Heading into 2017, there was tremendous speculation about how the incoming U.S. administration would impact energy policy and development, and particularly the ramifications on worldwide renewable energy investment and deployment.
Mid-year, as predicted, we’re still full steam ahead, even in the U.S. and despite the Trump administration’s highly publicized withdrawal from the Paris Agreement. (If anything, the withdrawal has catalyzed further action and solidified global commitments.)
- Renewables continue to break global records for both capacity and generation:
- IRENA reports that renewable installations increased by 161GW in 2016, a 9 percent increase over 2015 and a new record. Nearly half of this new capacity came in the form of solar.
- In March, renewables crossed the double-digit threshold for generation in the U.S. for the first time, surpassing 10 percent, while in the U.K., wind and solar records were both smashed earlier this summer, as the national grid exceeded the 50 percent mark. California alone — the world’s 6th largest economy — reached 80 percent renewable generation in May.
- They’re doing so because the price continues to fall:
- At the beginning of the year, BNEF reported that solar is now the cheapest form of electricity in 58 countries, including India. These low prices are allowing developing countries to leapfrog fossil fuels entirely — and even bypass wind.
- In India and Australia, recent auctions have delivered a wind price lower than all other generation sources (with fierce competition from solar PV). Continuing advancements in technology — including turbine size and siting — will further drive down prices, even with the impending reduction or removal of subsidies in some markets.
- These favorable conditions are attracting some unlikely allies:
- Economics are driving U.S. utility Xcel Energy to double-down on renewables, calling its ambitious goals the “steel-for-fuel” strategy. The company expects wind to be its predominant energy source by 2021.
- Shell is investing in technology, new energy, demand side management and even renewables, via Glasspoint, an Omani solar steam generator manufacturer.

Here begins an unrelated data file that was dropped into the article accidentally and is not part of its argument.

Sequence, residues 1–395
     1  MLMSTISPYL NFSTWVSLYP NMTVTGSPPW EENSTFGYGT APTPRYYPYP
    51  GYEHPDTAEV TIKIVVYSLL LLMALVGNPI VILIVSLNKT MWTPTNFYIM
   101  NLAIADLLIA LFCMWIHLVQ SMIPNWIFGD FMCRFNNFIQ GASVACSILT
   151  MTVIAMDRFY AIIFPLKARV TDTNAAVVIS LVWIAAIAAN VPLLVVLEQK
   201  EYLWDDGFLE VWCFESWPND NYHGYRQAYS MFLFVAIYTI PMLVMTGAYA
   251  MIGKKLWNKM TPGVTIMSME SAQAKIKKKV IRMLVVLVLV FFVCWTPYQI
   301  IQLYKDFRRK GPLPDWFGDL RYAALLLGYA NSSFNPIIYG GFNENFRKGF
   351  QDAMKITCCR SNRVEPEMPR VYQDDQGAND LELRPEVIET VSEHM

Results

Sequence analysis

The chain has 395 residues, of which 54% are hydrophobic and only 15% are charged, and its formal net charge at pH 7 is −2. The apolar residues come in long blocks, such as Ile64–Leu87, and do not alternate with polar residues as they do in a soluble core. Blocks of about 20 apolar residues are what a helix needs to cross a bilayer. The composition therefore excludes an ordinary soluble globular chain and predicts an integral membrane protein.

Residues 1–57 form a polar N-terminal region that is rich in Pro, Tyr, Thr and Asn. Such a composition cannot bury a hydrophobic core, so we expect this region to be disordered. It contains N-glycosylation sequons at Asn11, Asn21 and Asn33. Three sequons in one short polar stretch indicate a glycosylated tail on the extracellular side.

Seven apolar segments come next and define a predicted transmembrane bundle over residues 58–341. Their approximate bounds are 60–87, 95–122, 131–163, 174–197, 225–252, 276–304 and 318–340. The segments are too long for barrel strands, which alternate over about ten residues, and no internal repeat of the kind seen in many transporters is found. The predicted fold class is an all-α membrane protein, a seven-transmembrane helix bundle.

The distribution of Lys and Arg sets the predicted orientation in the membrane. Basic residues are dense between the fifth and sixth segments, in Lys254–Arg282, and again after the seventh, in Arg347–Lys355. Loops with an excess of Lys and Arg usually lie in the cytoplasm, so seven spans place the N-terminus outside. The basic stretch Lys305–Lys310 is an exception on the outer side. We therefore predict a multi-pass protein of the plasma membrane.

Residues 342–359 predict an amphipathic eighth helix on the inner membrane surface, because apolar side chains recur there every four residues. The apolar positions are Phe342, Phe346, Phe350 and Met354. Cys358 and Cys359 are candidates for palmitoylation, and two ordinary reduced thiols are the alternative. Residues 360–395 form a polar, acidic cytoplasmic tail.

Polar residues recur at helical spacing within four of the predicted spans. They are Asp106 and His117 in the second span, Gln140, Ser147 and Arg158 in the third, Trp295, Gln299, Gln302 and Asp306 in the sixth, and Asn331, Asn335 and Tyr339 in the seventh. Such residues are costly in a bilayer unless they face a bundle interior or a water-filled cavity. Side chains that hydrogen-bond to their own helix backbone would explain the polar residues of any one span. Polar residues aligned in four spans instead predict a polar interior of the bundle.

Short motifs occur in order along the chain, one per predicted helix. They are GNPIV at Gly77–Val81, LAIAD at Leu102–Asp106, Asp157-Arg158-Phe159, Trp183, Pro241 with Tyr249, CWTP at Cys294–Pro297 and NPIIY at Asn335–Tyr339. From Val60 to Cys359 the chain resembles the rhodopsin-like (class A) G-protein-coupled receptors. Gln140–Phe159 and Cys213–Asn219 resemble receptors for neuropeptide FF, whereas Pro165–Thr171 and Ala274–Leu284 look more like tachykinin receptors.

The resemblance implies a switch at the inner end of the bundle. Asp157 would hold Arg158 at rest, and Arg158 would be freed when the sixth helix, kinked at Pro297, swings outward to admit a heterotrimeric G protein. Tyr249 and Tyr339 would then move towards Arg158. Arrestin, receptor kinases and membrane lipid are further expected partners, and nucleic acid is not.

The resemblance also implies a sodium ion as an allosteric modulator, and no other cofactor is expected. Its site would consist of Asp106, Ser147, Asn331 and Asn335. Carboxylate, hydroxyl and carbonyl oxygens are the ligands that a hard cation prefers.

- Alphabet, parent of Google — already the U.S.’s largest commercial purchaser of renewable energy — announced the “graduation” of geothermal energy startup Dandelion from its “X” incubator, while C&I commitment to and purchasing of renewables continues to rise.
- And expanding global markets:
- Dramatic increases in wholesale power prices in Australia are driving rapidly growing interest in renewables.
- On the heels of record-breaking investment in renewables, China has issued its first allotment of Green Power Trading Certificates.
- Favorable subsidies in India through the end of March 2018 continue to entice corporate buyers with operations based on the subcontinent.
What remains for 2017 is yet to be seen.
There are still unknowns: U.S. energy policy, Brexit-related stalls in U.K. policy and questions about how grids around the world will deal with the renewables disruption — not to mention Elon Musk’s audacious ambition to build the world’s largest lithium-ion battery in South Australia to improve the stability of the electricity grid.
However, there is growing consensus that “the renewables train has left the station.” The strength of favorable economics amid growing climate concerns and commitments means that a renewable future is inevitable, particularly as coal continues to decline.
This remains great news for C&I buyers that continue to purchase renewables in record volumes. The fixed price of a power purchase agreement, for example, provides a solid hedge against wholesale market volatility like that currently underway in Australia, while the follow price of technology means that companies can theoretically save money on their electricity costs.
If you haven’t yet, there’s never been a better time to join the corporate groundswell on renewables to take advantage of these tremendous market opportunities.
Contact us today to speak to one of our cleantech industry experts.